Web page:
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In Islamabad, Brahimi briefs Pakistani President on talks with Afghan leaders in Kabul

In Islamabad, Brahimi briefs Pakistani President on talks with Afghan leaders in Kabul

The United Nations chief envoy for Afghanistan, Lakhdar Brahimi, held a very “cordial and friendly” meeting with Pakistani President Pervez Musharraf, thanking the President for his country’s support of the UN’s efforts to bring peace to Afghanistan, UN officials said today.

Mr. Brahimi, who is Secretary-General Kofi Annan’s Special Representative, had just arrived in Islamabad from Kabul, where he had held meetings with Afghan political leaders.

After receiving a briefing from Mr. Brahimi on the outcome of those talks, President Musharraf expressed 100 percent support for the Bonn Agreement, a sentiment repeated during a later meeting with Pakistani Foreign Minister Abdul Sattar, according to UN officials.

Ahmad Fawzi, the spokesman for Mr. Brahimi, told reporters in Islamabad that during yesterday’s talks, Afghan leaders had indicated their understanding for a multinational force to maintain security in Afghanistan – as specified in the Bonn agreement – and have imposed no conditions on its deployment, while asking numerous questions.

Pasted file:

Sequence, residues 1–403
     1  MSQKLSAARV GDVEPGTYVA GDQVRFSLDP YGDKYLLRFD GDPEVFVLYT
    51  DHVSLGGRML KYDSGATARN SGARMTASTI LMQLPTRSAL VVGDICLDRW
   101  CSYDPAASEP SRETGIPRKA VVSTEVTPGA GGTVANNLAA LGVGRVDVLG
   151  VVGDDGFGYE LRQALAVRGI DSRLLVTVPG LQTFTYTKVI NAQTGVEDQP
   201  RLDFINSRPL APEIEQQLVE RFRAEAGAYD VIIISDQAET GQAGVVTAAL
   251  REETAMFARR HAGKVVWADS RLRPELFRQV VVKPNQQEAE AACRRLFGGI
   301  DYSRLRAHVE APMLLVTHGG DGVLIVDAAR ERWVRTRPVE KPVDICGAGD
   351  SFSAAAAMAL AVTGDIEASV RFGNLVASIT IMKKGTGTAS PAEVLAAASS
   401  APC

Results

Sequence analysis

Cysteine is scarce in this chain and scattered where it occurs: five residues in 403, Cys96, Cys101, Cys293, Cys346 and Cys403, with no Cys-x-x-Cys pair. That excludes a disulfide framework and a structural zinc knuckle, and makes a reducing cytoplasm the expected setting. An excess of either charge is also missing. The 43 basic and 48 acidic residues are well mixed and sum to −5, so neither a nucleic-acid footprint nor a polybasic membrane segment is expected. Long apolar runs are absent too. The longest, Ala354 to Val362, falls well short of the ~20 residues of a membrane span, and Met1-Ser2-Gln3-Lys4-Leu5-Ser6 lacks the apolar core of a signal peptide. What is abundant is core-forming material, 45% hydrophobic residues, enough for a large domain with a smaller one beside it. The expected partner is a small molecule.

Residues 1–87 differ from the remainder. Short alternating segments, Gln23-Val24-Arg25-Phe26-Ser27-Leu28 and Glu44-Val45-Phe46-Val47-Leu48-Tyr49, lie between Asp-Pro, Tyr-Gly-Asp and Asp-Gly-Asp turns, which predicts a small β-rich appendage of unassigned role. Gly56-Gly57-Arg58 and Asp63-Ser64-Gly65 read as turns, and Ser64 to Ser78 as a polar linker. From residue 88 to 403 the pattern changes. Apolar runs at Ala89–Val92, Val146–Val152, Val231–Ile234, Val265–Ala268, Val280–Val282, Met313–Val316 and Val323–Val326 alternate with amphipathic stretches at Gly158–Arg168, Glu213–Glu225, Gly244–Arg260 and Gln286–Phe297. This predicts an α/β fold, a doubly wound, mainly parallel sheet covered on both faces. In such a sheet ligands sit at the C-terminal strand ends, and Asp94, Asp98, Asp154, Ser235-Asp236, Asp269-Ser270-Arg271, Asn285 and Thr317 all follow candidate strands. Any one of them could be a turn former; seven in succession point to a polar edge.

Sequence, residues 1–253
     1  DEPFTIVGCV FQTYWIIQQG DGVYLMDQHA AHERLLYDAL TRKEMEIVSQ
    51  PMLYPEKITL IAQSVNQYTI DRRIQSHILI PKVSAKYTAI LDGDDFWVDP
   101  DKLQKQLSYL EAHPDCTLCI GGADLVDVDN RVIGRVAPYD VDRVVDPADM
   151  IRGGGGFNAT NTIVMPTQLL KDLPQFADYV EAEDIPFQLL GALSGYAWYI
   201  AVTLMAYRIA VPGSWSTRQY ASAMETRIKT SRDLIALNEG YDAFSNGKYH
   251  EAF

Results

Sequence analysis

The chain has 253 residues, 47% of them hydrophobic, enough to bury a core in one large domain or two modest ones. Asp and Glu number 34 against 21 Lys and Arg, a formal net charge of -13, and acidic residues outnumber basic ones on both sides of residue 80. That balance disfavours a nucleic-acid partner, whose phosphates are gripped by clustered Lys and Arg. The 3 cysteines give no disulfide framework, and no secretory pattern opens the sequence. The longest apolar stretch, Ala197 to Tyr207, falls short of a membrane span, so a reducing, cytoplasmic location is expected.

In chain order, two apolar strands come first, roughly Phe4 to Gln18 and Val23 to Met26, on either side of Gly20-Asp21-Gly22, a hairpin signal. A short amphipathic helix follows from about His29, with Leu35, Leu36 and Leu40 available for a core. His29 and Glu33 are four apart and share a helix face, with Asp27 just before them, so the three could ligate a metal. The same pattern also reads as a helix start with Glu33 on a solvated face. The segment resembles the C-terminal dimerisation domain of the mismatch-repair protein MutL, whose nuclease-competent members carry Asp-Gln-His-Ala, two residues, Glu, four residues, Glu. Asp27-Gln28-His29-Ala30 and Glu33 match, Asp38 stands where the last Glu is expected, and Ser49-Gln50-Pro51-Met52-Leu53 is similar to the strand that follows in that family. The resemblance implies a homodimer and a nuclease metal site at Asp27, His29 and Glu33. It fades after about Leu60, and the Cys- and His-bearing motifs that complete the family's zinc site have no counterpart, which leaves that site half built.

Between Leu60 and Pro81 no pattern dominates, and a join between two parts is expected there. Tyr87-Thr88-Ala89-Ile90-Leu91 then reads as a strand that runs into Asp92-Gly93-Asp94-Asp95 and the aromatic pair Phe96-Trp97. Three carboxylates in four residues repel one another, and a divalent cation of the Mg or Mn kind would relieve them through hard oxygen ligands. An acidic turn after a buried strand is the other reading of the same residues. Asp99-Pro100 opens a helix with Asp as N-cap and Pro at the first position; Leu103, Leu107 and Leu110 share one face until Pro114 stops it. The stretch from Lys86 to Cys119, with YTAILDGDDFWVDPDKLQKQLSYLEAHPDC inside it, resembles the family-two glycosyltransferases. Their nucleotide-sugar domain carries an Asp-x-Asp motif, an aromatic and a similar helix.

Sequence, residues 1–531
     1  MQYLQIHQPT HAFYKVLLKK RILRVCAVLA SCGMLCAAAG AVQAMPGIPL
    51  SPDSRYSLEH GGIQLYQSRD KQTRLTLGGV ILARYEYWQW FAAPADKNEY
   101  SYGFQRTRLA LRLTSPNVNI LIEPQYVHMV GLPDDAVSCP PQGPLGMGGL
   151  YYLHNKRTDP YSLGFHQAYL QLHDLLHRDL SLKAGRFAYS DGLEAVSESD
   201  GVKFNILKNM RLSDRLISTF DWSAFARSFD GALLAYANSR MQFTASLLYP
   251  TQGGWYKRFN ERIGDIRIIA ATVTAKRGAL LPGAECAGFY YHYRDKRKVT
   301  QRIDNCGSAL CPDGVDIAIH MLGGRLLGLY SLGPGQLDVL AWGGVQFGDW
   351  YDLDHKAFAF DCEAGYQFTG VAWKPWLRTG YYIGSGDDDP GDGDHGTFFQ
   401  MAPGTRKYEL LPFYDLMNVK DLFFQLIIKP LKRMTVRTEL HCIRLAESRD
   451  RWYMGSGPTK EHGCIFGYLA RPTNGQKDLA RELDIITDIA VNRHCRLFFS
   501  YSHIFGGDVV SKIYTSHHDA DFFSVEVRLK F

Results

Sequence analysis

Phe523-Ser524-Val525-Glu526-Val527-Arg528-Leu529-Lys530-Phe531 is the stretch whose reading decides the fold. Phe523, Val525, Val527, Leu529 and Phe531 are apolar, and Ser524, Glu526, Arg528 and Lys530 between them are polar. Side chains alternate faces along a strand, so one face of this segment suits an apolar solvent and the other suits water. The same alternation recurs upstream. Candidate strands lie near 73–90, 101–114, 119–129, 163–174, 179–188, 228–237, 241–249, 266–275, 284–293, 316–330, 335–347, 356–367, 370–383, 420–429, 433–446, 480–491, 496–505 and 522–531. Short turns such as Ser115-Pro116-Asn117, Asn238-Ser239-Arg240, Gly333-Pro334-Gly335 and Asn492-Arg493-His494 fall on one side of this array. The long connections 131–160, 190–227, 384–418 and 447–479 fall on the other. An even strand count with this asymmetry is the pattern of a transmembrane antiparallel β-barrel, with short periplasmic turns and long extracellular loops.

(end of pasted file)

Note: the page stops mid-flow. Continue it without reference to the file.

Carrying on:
“There is no pressure from the UN on the Afghans and no pressure from the Afghans on the UN,” Mr. Fawzi stressed. “This is a collaborative effort. We are not going to impose anything on the Afghans.”

In response to questions about claims by the Northern Alliance that the multinational force should remain outside Kabul or that it was trying to keep the number of foreign troops in the capital low, Mr. Fawzi said that nothing had been determined yet and that the force would operate in cooperation with the new interim administration in Kabul once there was a Security Council mandate for it.

As for references to the Bonn agreement as being not representative of all the factions inside Afghanistan, Mr. Fawzi said that the accord had its flaws but “it is the best we could do during the time available.” He added that Mr. Brahimi had received yesterday a letter signed by General Rashid Dostum, a Northern Alliance leader, pledging his continued support for the envoy’s efforts and those of the international community to bring peace for Afghanistan. Mr. Dostum had earlier complained about the lack of seats in the interim administration for his party.

“‘We will continue to support the Bonn process and we will not allow anyone or anything to hamper the implementation of the Bonn accord and the transfer of power,’” Mr. Fawzi quoted Mr. Dostum as writing. Mr. Fawzi described the letter as “a very positive development and a very encouraging one indeed.”